The Beg-a-thon Goes On and On

I’ve been a lifelong sucker for Public Broadcasting ever since I discovered The Six Wives of Henry VIII meant more to me than The Six Million Dollar Man. There is no doubt Podunk America benefits disproportionally from the offerings of NPR and PBS.

Consider: this week it was announced that MOMA would mount a tribute to the cinema of Vienna – 70 films from silents to early Ophuls to the present. Not something that’s going to show up in my Outback Cineplex.

But thanks to public broadcasting “people like you,” as they say, have seen Derek Jacobi, Helen Mirren and dozens of others in signature roles. We’re had access to years of Masterpiece and Mystery, NOVA and Frontline, Great Performances, Sesame Street, American Masters, Radiolab, Left, Right and Center, TED Talks, A Prairie Home Companion. The list goes on and on.

Public funding for broadcast accounts for a laughably small slice of the federal budget, a bit more than a buck per person. And a lot better spent than most of my tax dollars. But that hasn’t prevented the right from constantly trying to cut funding, to zero if possible. Between 2010 and 2012 they managed to knock another $50 million off the stipend so that federal dollars now account for about 15 percent of public TV money and 11 percent of public radio.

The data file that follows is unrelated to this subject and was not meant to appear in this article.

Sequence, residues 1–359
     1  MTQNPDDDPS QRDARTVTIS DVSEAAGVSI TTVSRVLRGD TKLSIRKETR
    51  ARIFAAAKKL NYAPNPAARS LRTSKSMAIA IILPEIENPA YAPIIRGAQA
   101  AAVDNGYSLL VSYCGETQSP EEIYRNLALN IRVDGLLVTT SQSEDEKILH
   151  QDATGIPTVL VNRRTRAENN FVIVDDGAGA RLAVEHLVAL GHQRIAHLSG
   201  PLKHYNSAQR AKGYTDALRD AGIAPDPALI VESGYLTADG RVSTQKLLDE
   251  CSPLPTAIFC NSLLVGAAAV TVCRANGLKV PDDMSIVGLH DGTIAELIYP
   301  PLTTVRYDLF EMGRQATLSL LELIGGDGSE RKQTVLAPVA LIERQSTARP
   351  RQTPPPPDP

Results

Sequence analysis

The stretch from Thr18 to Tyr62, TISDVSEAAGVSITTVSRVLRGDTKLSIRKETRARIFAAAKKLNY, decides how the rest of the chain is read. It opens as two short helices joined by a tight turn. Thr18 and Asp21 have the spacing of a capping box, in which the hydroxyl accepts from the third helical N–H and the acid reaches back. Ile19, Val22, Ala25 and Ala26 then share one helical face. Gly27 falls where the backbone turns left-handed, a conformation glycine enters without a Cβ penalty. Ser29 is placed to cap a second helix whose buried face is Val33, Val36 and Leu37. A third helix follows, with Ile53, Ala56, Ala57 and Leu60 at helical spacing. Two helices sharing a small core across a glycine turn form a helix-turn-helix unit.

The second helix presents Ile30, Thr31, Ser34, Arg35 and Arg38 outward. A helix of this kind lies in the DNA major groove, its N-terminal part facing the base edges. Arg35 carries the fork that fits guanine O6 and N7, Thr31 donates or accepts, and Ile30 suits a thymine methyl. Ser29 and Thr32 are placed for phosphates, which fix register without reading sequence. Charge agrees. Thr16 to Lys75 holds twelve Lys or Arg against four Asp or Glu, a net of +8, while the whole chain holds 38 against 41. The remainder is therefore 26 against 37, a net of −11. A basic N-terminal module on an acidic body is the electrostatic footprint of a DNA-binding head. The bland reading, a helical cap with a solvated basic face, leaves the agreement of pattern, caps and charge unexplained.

Hence, the perpetual Beg-a-thon. The pleas for viewers like me to pony up used to be an annual affair, then twice annually. Now they seem never-ending. Public financing was supposed to permit a place for worthy programming that might not attract high ratings –opera, nature and science shows, documentaries, history , grown-up dramas, classics, public policy debate instead of rants, investigative journalism instead of weak-kneed conventional wisdom.

The cuts in public funding and increased reliance on individual donors has led to an inevitable dumbing down. To attract the lowest common denominator viewer long enough to make a pitch for dollars, public TV scraps large swaths of its regularly scheduled programming during the Beg-a-Thon.

Instead, we’re subjected to dreck indistinguishable from commercial TV – golden oldie jukebox shows, infomercials by pop psychology gurus and self-help quacks peddling immortality via a diet of nuts and berries. Which adds up to less time for the kinds of programming only public broadcasting used to provide. What’s next? The Real Housewives of Parliament? A Ken Burns documentary on the Dynasty of Duck? Vampire Street to help kids learn their ABOs?

The conspiracy-minded might suppose the real reason the know-nothing caucus opposes all funding for science and health, research and development, the arts and education, public broadcasting and libraries is in order to keep their backers ignorant of the world they inhabit – the intellectual equivalent of barefoot and pregnant.

Well, in the immortal words of Francis Urquhart, “You might very well think that; I couldn’t possibly comment.”

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